Back in my running days, I ran around this tri-county Piedmont maze of back roads, auditoriums and playing fields by car, attempting to keep up with my daughters' various activities, from the drama department to the verdant pitch.
It was a busy time, but I kept centered with one cherished morning routine: I'd grab a cup of coffee and the local daily newspaper and turn to the sports page—the high school box scores, specifically—to see how my friends' kids and my kids' friends had fared the night before. For the coaches and athletic directors who called in those nightly stats, and for the beat reporters who covered school plays, these few lines of print were probably a thankless job. But for the kids and parents, it was often the highlight of the day. One year, my youngest daughter and her best friend scored goals in the same game; that tiny box score clipping was on the refrigerator until it faded.
Another year, she was on two different high school teams that made it to "The States," the sacred and succinct term for the state's championship tournament. I had a few "not in Kansas anymore" moments at those games, especially when opposing team parents yelled at my daughter and her teammates from the heated sidelines. I was all teary-eyed at the end, probably wondering why we all can't just get along.
My older daughter spent a lot of her senior year in the school's Black Box theater. I loved hearing my now big girl running lines with her fellow cast members. The production was the thing, and the parents were on 24-hour-call, serving supporting roles for the actors and directors as needed. During that final week of dress rehearsals, I realized that they don't call it drama for nothing.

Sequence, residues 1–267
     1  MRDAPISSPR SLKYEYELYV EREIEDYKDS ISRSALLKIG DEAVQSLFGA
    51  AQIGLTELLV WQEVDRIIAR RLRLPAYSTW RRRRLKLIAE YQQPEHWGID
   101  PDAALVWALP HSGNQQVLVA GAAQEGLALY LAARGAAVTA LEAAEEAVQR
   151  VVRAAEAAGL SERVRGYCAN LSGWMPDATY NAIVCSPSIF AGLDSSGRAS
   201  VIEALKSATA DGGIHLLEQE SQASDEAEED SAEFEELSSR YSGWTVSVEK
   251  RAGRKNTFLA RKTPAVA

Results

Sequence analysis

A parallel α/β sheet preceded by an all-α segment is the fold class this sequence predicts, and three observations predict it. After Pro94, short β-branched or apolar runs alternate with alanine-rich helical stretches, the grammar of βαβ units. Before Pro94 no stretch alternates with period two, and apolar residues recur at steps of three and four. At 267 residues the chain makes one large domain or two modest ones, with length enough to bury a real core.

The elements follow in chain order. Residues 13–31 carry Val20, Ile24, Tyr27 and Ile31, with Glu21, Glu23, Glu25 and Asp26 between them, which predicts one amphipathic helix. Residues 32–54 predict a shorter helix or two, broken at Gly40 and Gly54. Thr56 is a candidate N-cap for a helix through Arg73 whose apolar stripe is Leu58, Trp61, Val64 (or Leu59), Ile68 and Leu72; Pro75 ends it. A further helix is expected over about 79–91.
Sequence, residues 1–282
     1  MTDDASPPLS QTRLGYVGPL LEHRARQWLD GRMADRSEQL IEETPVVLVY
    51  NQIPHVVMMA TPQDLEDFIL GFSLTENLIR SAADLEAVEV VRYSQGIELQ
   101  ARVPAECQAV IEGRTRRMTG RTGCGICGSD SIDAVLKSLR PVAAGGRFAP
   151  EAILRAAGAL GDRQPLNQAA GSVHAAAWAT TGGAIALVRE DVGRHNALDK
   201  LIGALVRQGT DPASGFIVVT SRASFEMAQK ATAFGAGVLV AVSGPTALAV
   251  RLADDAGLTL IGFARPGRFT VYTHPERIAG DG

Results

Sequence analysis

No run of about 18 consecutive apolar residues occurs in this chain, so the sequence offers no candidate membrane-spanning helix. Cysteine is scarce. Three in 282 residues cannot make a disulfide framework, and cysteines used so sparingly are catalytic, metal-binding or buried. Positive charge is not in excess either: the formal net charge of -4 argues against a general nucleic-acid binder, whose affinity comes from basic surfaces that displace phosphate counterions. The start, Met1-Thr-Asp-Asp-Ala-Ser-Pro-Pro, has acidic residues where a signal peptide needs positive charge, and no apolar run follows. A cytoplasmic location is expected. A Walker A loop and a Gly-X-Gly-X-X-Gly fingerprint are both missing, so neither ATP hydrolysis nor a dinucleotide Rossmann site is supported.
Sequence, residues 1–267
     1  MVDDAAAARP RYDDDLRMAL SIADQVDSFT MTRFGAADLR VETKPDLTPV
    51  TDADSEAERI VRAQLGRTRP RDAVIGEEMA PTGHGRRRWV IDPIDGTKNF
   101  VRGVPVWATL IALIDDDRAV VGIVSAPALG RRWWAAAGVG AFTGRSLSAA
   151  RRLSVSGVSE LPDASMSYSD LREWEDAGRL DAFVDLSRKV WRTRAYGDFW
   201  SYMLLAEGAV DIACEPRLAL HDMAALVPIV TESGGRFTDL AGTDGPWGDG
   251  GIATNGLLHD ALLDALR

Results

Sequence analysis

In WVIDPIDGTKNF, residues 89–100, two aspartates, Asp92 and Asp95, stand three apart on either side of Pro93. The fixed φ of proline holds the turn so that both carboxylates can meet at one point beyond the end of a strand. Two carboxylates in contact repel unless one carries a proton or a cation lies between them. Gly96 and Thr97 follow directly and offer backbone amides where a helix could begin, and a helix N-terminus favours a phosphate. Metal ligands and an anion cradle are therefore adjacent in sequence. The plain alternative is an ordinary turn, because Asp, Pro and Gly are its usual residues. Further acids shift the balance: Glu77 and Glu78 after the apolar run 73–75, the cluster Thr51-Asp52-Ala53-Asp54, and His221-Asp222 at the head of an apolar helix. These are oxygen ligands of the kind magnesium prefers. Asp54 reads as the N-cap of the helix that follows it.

For a dozen years, I checked the small print of the box scores and theater reviews. Teams came and went, as did leads and supporting roles. Rooms in our house became seemingly permanent backstage areas and at-home locker rooms. I often prowled the sidelines, too, as an excited parent, a coach, even a ball boy.
I thought it would go on forever, through swim meets, dance recitals, plays and corner kicks. Then that curtain fell, and the final whistle blew. For my daughters, it was off to New York, Washington and Los Angeles, by way of Beijing and Amsterdam. Other parents took our places on the edge of their seats, rain or shine, to watch the shows, carry the snacks or run back to the car for that forgotten hair tie.
When my daughters were still around, I'd notice the swarm of younger brothers and sisters, running around like crazy, playing their own fantasy games, with boundless energy and joy on the festive sidelines of every soccer game. And now these once-tiny kids, who caravanned to playing fields unknown to watch their big brothers and sisters, are graduating themselves. They're the ones streaking down the wing, the small-print heroes in the next morning paper. They've become the last leg of the relay, meaning I recognize fewer and fewer names in print every year.
Long may they run.